So I have been a runner (cross country and track) for just about majority of my life. I live an active lifestyle that puts running on the top of my workout itinerary. It’s my ‘bread and butter’. Running is one of the closest things to my heart, aside from Disney movies and cats. Running is forever going to be apart of who I am.
My mom has been the most influential leader in my running experiences, from the first pair of tennis shoes I had to buy at Pay-less Footwear in Mt. Vernon, Illinois in fourth grade to the winning the State Championship title for women’s cross country as a sophomore, junior and senior in high school: I shared those moments with my mom. I could always count on her to run through the woods at cross country meet or be at the 300m corner on a track cheering me on; the loudest out of most of the people out there. Rain or shine, if I raced, I never raced alone.
To give some perspective, but not too much: my mom does not have much experience in athletics, much less with sports in running. So when I took on any sport I could growing up, she has to get accustomed to the schedules, where to meet up for softball practices, how long a 5K is (3.1 miles to be exact), the difference between racing shoes and training shoes, etc. She learned a whole other language in each sport I did.
I am very lucky my mom wasn’t familiar with a lot of sports terminology. The pressure of a highly skilled athlete already in the family was never put on my shoulders, so essentially I got to start from scratch and pave my own way without trying to fit the mold of previous athletes in the family.
It has shaped our relationship
Running has helped shape my relationship with my mother. I can not tell you the number of times I have finished a race, dissapointed no doubt, and complained or cried in front of my her. And she would be my mental coach; she would say “breathe through your eyes” before most of my races to help calm the nerves. As I got older, into my junior and senior seasons of cross country, I learned that racing shouldn’t be the most stressful thing in the world and not to have such high expectations for myself.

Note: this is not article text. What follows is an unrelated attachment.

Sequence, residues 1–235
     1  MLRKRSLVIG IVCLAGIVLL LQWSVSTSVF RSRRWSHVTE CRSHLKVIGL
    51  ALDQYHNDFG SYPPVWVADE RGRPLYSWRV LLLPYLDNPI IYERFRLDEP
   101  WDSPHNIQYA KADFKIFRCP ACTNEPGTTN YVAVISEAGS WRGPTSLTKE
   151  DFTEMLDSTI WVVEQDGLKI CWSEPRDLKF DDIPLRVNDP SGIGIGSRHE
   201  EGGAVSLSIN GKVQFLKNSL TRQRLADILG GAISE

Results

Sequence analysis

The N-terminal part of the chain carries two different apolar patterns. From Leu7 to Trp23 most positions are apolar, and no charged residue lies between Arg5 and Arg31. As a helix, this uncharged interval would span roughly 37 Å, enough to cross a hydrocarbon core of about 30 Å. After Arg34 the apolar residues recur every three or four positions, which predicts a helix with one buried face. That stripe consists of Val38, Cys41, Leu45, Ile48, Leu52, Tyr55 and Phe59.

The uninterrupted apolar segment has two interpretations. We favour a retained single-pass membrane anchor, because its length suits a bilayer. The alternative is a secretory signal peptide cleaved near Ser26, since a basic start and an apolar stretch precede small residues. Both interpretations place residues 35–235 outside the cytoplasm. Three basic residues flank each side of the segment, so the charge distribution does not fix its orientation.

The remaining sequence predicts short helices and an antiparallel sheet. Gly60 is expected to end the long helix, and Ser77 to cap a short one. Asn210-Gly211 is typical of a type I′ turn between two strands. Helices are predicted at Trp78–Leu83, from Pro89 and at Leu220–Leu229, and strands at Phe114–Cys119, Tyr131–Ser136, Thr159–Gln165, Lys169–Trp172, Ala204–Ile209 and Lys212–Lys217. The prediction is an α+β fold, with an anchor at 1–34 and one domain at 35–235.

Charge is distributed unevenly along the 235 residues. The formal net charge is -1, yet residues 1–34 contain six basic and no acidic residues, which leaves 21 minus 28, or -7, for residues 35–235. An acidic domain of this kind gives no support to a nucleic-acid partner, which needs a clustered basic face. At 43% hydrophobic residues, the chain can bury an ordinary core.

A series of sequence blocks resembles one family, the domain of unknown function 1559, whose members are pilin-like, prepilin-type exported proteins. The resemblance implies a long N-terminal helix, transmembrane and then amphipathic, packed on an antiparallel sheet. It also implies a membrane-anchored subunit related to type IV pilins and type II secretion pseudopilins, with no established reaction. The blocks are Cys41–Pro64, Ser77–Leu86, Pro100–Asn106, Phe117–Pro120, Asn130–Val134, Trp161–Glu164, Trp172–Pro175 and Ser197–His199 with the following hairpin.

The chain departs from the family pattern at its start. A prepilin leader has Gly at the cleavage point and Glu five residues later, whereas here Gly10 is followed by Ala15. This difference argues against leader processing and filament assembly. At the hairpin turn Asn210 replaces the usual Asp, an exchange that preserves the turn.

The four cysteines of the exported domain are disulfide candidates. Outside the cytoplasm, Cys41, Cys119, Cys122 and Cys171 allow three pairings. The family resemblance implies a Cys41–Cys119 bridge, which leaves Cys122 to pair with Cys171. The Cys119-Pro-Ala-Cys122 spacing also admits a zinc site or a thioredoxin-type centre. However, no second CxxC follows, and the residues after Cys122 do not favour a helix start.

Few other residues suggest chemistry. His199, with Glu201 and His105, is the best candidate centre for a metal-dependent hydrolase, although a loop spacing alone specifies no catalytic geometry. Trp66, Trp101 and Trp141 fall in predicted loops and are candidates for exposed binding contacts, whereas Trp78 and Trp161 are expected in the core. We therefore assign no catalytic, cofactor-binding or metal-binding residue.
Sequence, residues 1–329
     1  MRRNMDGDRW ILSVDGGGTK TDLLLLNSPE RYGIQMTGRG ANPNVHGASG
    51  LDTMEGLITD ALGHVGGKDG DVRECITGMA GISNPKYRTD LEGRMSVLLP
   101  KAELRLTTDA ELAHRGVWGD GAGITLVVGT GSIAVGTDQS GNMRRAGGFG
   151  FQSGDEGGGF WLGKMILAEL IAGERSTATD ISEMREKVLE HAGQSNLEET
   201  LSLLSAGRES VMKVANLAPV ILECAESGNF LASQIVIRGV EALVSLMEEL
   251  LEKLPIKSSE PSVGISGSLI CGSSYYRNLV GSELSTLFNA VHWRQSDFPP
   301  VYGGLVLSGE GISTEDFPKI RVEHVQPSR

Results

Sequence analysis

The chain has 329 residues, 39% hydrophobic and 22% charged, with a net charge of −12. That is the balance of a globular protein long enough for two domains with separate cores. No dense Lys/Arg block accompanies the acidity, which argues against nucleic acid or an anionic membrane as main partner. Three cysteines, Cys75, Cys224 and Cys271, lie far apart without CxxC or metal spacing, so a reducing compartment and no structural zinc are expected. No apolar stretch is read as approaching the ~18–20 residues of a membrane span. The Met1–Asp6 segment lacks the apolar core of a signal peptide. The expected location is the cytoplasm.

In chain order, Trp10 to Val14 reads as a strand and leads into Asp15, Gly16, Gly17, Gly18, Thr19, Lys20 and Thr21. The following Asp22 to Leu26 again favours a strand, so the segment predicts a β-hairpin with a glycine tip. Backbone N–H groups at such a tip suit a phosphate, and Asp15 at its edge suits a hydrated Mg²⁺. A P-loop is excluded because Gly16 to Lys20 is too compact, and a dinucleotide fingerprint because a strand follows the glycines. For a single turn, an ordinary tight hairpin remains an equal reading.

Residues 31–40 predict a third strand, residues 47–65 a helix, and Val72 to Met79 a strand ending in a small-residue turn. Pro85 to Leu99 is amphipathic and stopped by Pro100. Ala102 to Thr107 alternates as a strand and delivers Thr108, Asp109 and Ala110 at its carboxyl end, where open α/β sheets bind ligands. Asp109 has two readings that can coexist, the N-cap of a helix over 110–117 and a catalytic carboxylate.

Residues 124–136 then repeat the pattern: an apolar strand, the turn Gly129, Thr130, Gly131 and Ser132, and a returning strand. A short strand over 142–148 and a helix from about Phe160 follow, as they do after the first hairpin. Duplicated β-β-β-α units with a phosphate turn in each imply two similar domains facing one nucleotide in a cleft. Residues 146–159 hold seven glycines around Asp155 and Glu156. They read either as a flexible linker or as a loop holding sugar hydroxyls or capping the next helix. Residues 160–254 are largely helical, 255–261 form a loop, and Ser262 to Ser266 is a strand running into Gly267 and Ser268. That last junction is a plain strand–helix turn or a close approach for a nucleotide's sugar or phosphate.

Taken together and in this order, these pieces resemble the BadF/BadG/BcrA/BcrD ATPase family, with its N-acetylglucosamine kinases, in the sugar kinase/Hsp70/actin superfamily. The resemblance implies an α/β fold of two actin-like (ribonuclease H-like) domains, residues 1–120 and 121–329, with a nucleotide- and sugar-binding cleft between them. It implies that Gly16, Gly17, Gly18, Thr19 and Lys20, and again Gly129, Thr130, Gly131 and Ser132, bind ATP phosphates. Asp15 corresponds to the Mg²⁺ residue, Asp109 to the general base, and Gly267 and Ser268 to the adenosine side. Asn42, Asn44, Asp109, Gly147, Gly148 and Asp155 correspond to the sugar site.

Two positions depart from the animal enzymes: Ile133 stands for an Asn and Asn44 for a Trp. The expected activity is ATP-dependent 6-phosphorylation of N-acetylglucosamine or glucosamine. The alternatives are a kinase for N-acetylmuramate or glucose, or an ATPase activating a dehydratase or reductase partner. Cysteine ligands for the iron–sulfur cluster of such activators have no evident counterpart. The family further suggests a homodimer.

Even today, I suffer from a constant pain my right knee that lead to me stop running for college and that decision killed me. It wrecked my mentality of what I could physically do from there on and my mother was on that journey to recover with me. My first year of college I think was particularly difficult because I started my first collegiate season of cross country by myself. My parents were still living in Alaska and I was just starting school in Washington and knew no one. I had to get used to real quick of not having my parents, my mom especially at any of my races because she wouldn’t be able to make it. So that was emotionally taxing and stressful at times because I had to run alone, no support around me that I knew.
But with every physical coach, there should also be a mental coach, and that’s my mom: she will always be my mental coach. To this day I will still call her and have a conversation of what physical challenges I want to accomplish next, whether that be the Ironman, a half marathon or triathlon and she will be just as excited as me to see it happen.
Running is a way of lifestyle for me and my mother. With every stride I take, she is there with me. She has taught me to breath smarter, be patient and to never settle for something I know I can do better at.
My mom is as much of a runner as I am.